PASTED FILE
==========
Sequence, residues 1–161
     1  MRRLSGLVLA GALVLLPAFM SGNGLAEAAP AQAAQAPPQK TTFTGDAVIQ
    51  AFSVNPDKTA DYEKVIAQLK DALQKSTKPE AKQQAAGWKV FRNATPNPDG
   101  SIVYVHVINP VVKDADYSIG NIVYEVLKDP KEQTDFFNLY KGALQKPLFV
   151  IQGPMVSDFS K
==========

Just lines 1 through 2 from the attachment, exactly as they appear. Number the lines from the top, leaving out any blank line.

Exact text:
Sequence, residues 1–161
     1  MRRLSGLVLA GALVLLPAFM SGNGLAEAAP AQAAQAPPQK TTFTGDAVIQ